Of the earth

The poetry of the earth is never dead.

- John Keats
from On the Grasshopper and Cricket


Gardens, farms, things we tend. Someone says make something. I pick up a pen, you a trowel, he a paintbrush, she a spoon.  

We're always tending. Always making.

I'm the Director of Poetry for the Denver County Fair — a modern twist on old-fashioned fun. Speed texting meets Aunt Bee's pickles. I'm excited for Bounty, a poetry contest seeking poems inspired by agriculture, food, gardens and farms. { psst, the contest is open to Colorado writers. Win ribbons and prizes! }

I'm thinking about the earth, how we work it and ourselves. I'm digging for answers in the soil. Hands deep, I want some sort of cleansing, some clarity. Clearing the bramble, I stumble into an answer:

It seems like you could, but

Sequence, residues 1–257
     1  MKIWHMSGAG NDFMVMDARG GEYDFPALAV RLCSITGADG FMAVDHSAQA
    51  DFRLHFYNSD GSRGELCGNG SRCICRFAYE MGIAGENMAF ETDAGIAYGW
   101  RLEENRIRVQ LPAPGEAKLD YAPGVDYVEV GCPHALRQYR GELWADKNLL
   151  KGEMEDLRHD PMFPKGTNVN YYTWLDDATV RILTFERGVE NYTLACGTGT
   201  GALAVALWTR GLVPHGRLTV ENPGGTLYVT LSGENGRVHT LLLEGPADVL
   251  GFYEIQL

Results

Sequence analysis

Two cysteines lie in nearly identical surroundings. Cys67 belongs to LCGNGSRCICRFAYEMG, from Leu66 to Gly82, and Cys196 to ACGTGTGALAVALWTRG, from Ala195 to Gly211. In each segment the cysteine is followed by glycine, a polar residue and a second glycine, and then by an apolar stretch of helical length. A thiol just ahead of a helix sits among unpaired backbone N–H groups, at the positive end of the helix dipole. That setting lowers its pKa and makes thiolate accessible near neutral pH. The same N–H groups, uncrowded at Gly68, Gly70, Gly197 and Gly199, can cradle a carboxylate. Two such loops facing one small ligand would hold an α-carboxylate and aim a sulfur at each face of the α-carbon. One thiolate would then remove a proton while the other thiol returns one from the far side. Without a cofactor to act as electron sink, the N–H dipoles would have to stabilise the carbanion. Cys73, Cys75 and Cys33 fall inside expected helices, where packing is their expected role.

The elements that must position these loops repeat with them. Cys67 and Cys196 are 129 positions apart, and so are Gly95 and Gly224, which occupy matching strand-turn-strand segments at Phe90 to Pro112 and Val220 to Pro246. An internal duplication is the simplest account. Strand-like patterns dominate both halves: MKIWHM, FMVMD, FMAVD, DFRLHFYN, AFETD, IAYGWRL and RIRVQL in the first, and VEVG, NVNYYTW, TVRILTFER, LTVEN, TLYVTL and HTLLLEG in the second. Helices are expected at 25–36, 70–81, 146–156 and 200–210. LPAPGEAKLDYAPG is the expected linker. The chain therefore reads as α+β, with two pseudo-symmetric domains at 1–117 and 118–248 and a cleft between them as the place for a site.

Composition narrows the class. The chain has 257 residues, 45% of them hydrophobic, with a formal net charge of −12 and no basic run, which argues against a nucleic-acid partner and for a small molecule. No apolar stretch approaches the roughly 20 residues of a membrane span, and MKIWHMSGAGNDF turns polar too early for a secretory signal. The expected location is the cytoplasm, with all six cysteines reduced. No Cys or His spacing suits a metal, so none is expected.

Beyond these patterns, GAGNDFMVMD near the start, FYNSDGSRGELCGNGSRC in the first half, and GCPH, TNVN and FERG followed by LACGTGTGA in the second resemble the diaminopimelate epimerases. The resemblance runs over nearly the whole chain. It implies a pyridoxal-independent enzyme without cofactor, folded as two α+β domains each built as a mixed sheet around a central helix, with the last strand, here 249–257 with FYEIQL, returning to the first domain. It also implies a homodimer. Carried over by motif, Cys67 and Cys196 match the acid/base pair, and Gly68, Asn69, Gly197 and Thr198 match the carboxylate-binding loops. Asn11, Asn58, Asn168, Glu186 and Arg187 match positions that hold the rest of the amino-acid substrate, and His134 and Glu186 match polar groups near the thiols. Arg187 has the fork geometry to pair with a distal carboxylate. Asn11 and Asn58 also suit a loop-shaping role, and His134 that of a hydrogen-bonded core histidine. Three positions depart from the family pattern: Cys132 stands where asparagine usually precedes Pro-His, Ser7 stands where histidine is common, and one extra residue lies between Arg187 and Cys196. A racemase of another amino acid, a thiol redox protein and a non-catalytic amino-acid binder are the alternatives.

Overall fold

you can’t go back and pull
the roots and runners and replant.
It’s all too deep for that.
You’ve overprized intention,
have mistaken any bent you’re given
for control. You thought you chose
the bean and chose the soil.
You even thought you abandoned
one or two gardens. But those things
keep growing where we put them—
if we put them at all.
A certain kind of Eden holds us thrall.
Even the one vine that tendrils out alone
in time turns on its own impulse,
twisting back down its upward course
a strong and then a stronger rope,
the greenest saddest strongest
kind of hope.

- Kay Ryan
A Certain Kind of Eden

Have you a garden of poems? What's growing? Do you have a favorite poem of the earth ?